How can universities meet rising demand for PhDs?conference of the African Network for Internationalisation of Education (ANIE) heard.
According to Goski Alabi, ANIE board chair and president of Laweh Open University College, Ghana, the demand for doctorates was growing throughout Africa due to expanding academic programmes, yet universities lacked the capacity to satisfy the demand.
“We see everywhere governments bringing in policy requiring all teaching staff to obtain PhDs, yet public universities cannot train enough doctorates,” she told the event, which took place in Nairobi, Kenya, from 2 to 4 October.
This, she observed, was worsened by the fact that the majority of private universities do not offer doctoral training, calling for innovative and more creative ways of both financing and learning to produce more doctorates.
According to Mariam Pahl of the German Academic Exchange Service (DAAD) in Nairobi, while higher education across Africa was expanding, the same cannot be said of doctoral degrees, which also implied low research production in universities.
Many PhDs on the continent were earned abroad, partly due to low state funding and the general low capacity to train in African universities, among other challenges.
Citing the findings of a six-country study by ANIE researchers, funded by DAAD in partnership with the British Council, Building PhD capacity in Sub-Saharan Africa, Pahl said low research productivity in the context of the expansion of the university education sector and the growing socio-economic needs of African people calls for more focus on the production of PhDs.
“Low production of PhDs has several implications, including poor quality of university programmes, low innovation capacity, weak links with industry, and questions over relevance of the programmes,” she said.
According to the study conducted in South Africa, Kenya, Ethiopia, Ghana, Senegal and Nigeria, numbers of PhD-qualified staff varied from region to region. PhD enrolments as a proportion of the overall student population in Africa were relatively low: below 2% in Ghana, Kenya and South Africa, and slightly higher at 7.8% in Ethiopia.
“However, a shortage of PhD-qualified staff in universities was a salient feature in each of the countries, with their proportion of the overall staff ranging from 8% to 43%,” the study noted.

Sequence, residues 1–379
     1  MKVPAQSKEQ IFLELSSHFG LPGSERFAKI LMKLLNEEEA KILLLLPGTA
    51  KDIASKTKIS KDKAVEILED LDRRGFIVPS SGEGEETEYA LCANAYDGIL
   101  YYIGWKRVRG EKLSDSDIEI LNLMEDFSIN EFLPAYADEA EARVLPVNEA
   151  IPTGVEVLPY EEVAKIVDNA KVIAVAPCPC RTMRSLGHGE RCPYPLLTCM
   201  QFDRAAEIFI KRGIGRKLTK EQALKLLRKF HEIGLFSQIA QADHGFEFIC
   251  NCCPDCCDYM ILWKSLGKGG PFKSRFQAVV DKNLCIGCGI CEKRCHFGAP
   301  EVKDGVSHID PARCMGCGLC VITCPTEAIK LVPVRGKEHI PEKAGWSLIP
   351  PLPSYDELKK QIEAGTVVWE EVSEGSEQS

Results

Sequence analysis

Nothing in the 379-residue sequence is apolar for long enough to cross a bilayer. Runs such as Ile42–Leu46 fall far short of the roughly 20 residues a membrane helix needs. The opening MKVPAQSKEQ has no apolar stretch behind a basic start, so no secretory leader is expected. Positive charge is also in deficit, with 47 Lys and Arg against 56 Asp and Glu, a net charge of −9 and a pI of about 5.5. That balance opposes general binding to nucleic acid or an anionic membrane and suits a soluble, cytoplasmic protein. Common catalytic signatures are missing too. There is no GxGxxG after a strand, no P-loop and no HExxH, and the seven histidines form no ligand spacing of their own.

Most universities were young, and had not developed adequate PhD training capacity, especially in Ethiopia, Kenya and Senegal.
While national policy frameworks are important in guiding research and PhD training, they were found to be weak or non-existent in most of the countries.
“In most of the cases, the national research agenda is not clear and is contained in several different documents,” the study observed.
Other challenges included weak support in terms of facilities and infrastructure, a shortage of supervisors, and over-emphasis on teaching.
Universities that were found to have been relatively successful in training had developed alternative funding mechanisms.
It suggested innovative ways to overcome the challenges, top among them development of new PhD programmes, co-supervision of students, staff exchange and joint research initiatives, and tapping into the resource of Africa’s diaspora.
Others include new funding models such as the one used by DAAD (where students are funded to complete some or all of their doctoral degree locally) and the establishment of national research funds to support PhD research.
Strengthening of intra-African collaborations and networks such as the Regional Universities Forum for Capacity Building in Agriculture (RUFORUM), the Consortium for Advanced Research Training in Africa (CARTA) and the African Research Universities Alliance (ARUA) were also important.
Specialised institutions devoted to postgraduate education such as the World Bank-supported African Centres of Excellence initiative and the African Union’s Pan African University were also critical in boosting numbers.
Additionally, deploying technology more widely would help to overcome challenges and offer convenience to both students and supervisors, according to Sella Terrie Jwan of Moi University’s department of education.
These include electronic web-based learning, use of mobile devices in the teaching and learning processes, and use of ‘learning management systems’ – software and applications for administration, documentation, tracking, reporting and delivery of courses and training programmes.